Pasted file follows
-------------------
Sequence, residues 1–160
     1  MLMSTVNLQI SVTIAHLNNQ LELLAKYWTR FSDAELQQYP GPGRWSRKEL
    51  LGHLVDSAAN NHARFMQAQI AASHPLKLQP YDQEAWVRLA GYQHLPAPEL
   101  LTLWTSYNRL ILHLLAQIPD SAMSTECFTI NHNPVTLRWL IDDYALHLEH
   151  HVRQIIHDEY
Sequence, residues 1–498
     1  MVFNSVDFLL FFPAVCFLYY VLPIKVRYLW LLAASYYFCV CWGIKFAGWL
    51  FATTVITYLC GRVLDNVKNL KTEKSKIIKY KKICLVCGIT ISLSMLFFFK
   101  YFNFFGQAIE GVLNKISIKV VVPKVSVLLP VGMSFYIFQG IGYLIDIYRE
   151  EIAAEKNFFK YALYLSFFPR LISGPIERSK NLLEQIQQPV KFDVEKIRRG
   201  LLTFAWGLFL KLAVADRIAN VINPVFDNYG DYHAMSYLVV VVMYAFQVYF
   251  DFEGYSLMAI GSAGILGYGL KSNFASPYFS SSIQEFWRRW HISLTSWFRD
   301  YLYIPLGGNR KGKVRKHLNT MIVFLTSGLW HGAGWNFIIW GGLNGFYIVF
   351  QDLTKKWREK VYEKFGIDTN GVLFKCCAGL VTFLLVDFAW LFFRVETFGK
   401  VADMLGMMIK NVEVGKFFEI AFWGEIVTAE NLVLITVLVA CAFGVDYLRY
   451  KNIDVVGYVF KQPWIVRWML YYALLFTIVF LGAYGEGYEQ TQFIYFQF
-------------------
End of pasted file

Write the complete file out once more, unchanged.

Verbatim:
Sequence, residues 1–160
     1  MLMSTVNLQI SVTIAHLNNQ LELLAKYWTR FSDAELQQYP GPGRWSRKEL
    51  LGHLVDSAAN NHARFMQAQI AASHPLKLQP YDQEAWVRLA GYQHLPAPEL
   101  LTLWTSYNRL ILHLLAQIPD SAMSTECFTI NHNPVTLRWL IDDYALHLEH
   151  HVRQIIHDEY
Sequence, residues 1–498
     1  MVFNSVDFLL FFPAVCFLYY VLPIKVRYLW LLAASYYFCV CWGIKFAGWL
    51  FATTVITYLC GRVLDNVKNL KTEKSKIIKY KKICLVCGIT ISLSMLFFFK
   101  YFNFFGQAIE GVLNKISIKV VVPKVSVLLP VGMSFYIFQG IGYLIDIYRE
   151  EIAAEKNFFK YALYLSFFPR LISGPIERSK NLLEQIQQPV KFDVEKIRRG
   201  LLTFAWGLFL KLAVADRIAN VINPVFDNYG DYHAMSYLVV VVMYAFQVYF
   251  DFEGYSLMAI GSAGILGYGL KSNFASPYFS SSIQEFWRRW HISLTSWFRD
   301  YLYIPLGGNR KGKVRKHLNT MIVFLTSGLW HGAGWNFIIW GGLNGFYIVF
   351  QDLTKKWREK VYEKFGIDTN GVLFKCCAGL VTFLLVDFAW LFFRVETFGK
   401  VADMLGMMIK NVEVGKFFEI AFWGEIVTAE NLVLITVLVA CAFGVDYLRY
   451  KNIDVVGYVF KQPWIVRWML YYALLFTIVF LGAYGEGYEQ TQFIYFQF